3 Flute Split Point - More Deep Drilling

More on long reach deep(ish) drilling.
My stock for the 50 link pieces arrives today, so I figured I better
review what I have on hand. As I was reviewing the various tools I have
on hand or have picked up for this I noted that the gun drill is indeed
the type intended to be used with high pressure through oil. It will go
in one of the specialty tools drawers, but will probably not be used for
this project. I don't have the time to setup a high pressure system for
it right now.
The carbide drills I picked up surprised me though. They were not
expensive. No more than any other similar size carbide drill. They are
three flute split point. I don't remember that when I ordered them, but
I'll certainly give them a try. If there is a web its so small I can't
see it with just my glasses on. I may look at them under the magnifier
later. I am certainly looking forward to seeing how they perform in the
test cuts. Probably try just spot drilling and drilling first to see
how it comes out. I'll be making a holding fixture so I can position
them consistently.
As a side note: I have another deep drilling job for a different
application. 1/16 all the way through a piece 1.8125 inches thick.
These do not have to be particularly straight, but they are relatively
close together and they can't collide with each other. Most 1/16 drills
are to short to do the job, but I figured I'ld find some long enough if
I looked. My plan is to drill a starter hole with a .0625 carbide stub
drill. I have them on hand. As mentioned before I buy them from Precise
Bits. Usually 4-10 at a time. Then drill with a longer jobber drill.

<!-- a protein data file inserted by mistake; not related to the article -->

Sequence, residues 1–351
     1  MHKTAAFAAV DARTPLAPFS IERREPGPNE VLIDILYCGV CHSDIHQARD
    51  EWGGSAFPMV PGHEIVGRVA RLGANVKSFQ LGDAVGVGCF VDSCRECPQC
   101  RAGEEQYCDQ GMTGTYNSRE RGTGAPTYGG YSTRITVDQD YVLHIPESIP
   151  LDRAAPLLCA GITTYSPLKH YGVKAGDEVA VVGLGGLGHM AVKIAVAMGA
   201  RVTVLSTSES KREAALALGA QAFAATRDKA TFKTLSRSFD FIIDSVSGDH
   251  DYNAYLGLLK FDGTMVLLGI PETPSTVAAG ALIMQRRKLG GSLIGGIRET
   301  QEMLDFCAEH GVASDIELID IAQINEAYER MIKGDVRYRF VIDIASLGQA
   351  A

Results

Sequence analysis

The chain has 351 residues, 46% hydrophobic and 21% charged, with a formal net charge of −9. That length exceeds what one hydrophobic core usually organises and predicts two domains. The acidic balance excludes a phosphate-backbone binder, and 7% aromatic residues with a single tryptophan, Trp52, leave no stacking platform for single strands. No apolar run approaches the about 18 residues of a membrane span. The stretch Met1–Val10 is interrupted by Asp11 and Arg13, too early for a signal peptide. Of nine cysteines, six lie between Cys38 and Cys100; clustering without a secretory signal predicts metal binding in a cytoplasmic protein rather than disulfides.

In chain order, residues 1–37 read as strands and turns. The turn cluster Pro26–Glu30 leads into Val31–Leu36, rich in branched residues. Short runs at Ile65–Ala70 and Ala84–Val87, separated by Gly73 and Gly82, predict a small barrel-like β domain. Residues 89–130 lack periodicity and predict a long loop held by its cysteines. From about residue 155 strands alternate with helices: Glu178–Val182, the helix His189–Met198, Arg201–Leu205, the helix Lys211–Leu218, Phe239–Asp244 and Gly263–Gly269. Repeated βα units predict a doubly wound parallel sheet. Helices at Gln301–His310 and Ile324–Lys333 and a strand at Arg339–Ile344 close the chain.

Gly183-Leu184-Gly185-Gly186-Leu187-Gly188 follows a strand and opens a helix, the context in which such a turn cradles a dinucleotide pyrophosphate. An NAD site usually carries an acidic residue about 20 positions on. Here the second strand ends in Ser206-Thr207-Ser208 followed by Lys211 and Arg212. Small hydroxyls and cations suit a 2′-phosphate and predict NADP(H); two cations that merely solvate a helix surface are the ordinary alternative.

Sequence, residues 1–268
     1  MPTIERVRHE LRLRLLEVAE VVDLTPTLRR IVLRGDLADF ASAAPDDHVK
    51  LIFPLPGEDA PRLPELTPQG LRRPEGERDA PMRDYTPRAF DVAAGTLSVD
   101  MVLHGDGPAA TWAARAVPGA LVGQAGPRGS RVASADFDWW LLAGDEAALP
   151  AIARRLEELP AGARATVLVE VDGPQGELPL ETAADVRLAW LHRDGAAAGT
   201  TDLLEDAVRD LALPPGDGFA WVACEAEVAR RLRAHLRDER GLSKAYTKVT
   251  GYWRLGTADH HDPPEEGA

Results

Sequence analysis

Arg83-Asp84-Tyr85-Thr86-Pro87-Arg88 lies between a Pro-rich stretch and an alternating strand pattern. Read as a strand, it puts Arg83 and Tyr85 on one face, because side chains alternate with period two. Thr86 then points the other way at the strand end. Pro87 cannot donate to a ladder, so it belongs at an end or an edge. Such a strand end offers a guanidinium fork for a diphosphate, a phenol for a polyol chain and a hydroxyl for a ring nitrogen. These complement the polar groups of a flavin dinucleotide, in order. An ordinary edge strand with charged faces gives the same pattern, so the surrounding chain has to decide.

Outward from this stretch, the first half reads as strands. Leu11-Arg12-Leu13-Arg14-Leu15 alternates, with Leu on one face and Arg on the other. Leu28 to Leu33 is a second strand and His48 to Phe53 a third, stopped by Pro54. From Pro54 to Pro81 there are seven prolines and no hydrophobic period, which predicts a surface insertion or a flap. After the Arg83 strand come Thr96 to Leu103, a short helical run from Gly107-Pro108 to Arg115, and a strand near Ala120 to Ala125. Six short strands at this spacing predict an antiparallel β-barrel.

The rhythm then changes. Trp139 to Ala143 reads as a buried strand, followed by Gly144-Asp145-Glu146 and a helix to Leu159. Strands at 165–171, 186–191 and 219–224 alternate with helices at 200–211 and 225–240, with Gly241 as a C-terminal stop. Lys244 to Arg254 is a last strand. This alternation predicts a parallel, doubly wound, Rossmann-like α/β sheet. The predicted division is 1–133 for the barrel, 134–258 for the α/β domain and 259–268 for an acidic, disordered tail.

The problem was I wasn't finding any long enough to do the job. When I
searched for long 1/16 bits I came up with 6" aircraft bits. Found MSC
stocked Hertel aircraft bits. I have one Hertel drill index and have
found them to be decent, but there was no way I wanted to have to push 6
inches of a 1/16 bit though the air. I started looking closer, and its
Cobalt, only has a 7/8 flute, and its split point for under $5. I
bought a couple of them. I can just cut it off to the length necessary
to do the job. The part is literally a piece of aluminum flat bar with
a bunch of holes drilled through it edge wise. If it doesn't work or I
break bits the cost won't be very high to try again. This is a one off
part and if it takes me a couple tries I'll still make a dollar. Maybe
Reply to
Bob La Londe
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For the linked hinge ear parts I used the three flute carbide drill to start the holes, and a hand ground hand split point drill to finish with the part clamped to a right angle plate. I've finished about half of the parts and I could not see a line or ledge in any of them so far.